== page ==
Once attending this conference an looking at the following foto, It is crystal clear the ramarkable number of countries that are involved in the NQF impolementation as the current figures and data reflects: Overall progress in 2016
- 39 countries are currently cooperating on the European qualifications framework.
- 33 countries have officially established or formally adopted their national qualifications frameworks (NQFs); 6 countries are still working on the design and the formal adoption of their NQFs;
- 16 countries have got fully operational frameworks: Belgium (FL), Czech Republic partial framework for vocational qualifications – NSK), Denmark, Estonia, France, Germany, Ireland, Lithuania, Liechtenstein, Malta, the Netherlands, Norway, Portugal, Slovenia, Switzerland and the UK.
- 35 countries are working towards comprehensive NQFs covering all types and levels of qualification from formal education and training (Vet, HE, general education) (similar with 2015);
- 31 countries presented referencing reports showing how national frameworks relate to the European qualifications frameworks (26 in 2015);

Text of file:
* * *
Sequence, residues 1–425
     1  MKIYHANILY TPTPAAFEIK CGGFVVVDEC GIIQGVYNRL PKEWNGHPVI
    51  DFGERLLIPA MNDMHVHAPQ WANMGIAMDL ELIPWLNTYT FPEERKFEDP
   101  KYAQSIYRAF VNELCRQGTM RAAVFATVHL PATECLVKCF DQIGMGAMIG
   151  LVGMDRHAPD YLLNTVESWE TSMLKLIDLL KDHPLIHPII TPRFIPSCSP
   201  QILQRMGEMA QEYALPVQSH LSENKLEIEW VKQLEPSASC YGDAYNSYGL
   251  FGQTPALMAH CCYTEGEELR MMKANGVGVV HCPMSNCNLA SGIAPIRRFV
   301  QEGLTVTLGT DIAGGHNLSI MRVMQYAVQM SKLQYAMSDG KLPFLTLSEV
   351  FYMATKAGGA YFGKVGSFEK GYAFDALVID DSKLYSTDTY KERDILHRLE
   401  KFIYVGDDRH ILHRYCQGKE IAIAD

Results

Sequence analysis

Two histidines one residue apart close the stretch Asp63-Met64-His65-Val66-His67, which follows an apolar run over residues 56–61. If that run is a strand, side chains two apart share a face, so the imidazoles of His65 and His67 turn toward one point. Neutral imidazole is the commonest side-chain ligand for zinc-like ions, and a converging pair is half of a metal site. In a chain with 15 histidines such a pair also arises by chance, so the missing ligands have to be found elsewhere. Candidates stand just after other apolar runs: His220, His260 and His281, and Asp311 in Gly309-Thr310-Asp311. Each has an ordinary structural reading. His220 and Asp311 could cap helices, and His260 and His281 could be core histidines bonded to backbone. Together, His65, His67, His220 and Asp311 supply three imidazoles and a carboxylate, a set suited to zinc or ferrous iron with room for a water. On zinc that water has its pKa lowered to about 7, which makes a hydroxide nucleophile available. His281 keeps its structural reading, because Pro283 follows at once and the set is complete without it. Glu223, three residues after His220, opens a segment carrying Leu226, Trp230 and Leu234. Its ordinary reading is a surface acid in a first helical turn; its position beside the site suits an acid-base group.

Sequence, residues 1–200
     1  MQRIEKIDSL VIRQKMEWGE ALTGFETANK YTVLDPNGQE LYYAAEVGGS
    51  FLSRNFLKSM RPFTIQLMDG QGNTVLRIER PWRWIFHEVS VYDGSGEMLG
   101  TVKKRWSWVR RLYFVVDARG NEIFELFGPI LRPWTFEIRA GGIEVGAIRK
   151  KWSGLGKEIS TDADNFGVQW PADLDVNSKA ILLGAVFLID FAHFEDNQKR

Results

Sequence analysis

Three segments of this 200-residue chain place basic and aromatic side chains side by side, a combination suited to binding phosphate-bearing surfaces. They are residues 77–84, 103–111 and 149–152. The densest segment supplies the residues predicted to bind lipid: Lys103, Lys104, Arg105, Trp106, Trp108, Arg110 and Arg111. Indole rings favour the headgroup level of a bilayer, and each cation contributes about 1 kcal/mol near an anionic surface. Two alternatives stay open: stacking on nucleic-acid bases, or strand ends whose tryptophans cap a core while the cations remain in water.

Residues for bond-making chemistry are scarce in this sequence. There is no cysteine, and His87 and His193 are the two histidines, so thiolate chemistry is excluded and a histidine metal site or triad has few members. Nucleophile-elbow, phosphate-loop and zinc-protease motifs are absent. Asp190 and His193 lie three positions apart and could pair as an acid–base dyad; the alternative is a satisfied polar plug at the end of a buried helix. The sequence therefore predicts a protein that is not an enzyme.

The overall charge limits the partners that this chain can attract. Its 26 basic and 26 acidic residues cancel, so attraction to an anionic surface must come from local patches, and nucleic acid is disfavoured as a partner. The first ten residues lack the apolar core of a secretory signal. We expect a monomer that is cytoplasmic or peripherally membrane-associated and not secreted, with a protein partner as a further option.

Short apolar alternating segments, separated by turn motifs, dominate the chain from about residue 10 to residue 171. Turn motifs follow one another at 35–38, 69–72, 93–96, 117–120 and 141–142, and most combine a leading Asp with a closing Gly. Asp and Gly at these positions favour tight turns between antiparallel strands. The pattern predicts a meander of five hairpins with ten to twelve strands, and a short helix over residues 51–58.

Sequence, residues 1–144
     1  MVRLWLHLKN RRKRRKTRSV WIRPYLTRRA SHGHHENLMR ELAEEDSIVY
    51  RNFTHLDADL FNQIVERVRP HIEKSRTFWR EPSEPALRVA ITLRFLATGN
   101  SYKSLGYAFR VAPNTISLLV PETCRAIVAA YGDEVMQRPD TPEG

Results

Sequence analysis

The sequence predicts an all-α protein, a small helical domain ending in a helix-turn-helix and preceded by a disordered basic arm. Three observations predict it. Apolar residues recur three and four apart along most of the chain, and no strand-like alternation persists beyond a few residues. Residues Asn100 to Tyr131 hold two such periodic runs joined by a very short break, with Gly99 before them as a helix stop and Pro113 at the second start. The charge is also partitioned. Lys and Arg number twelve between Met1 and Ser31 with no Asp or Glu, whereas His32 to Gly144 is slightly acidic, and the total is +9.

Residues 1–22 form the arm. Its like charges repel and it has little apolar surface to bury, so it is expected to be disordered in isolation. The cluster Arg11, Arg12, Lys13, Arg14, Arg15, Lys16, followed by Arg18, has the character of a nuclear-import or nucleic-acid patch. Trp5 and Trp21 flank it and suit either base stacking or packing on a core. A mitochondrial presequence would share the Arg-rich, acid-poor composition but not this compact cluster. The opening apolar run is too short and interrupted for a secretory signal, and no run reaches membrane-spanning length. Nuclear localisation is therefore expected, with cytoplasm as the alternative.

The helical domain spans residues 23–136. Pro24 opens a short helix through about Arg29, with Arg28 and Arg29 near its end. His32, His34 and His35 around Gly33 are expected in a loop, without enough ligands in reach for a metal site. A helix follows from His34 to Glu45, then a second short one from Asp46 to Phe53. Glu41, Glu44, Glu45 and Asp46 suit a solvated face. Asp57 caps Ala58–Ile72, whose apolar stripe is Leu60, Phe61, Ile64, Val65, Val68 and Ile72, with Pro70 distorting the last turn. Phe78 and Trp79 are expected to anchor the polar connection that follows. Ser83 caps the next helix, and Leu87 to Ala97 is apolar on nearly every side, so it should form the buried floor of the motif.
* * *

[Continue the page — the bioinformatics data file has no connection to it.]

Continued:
- 26 countries linked to the qualifications framework for the European higher education area (QF-EHEA), 17 jointly with the EQF referencing (24 and 15 respectively in 2015)
- 21 countries have introduced level references in their national qualifications documents or databases. Several other countries have indicated their intention to do so in 2017 e.g. Austria, Belgium (Flanders and Wallonia), Bulgaria and Hungary.
In conclusion, it is neccesary to put efforts into encouraging all the members of EU to be involved in this topic in order to achieve the main purposes of each country NQF:
- Make each country qualifications easier to understand by describing them in terms of learning outcomes.
- Support lifelong learning, including qualifications acquired through formal education, but also integrating validation of non-formal and informal learning.
- Should be easier to identify, validate and recognise all kinds of learning outcomes (including non-formal and informal learning), regardless of the way they were acquired.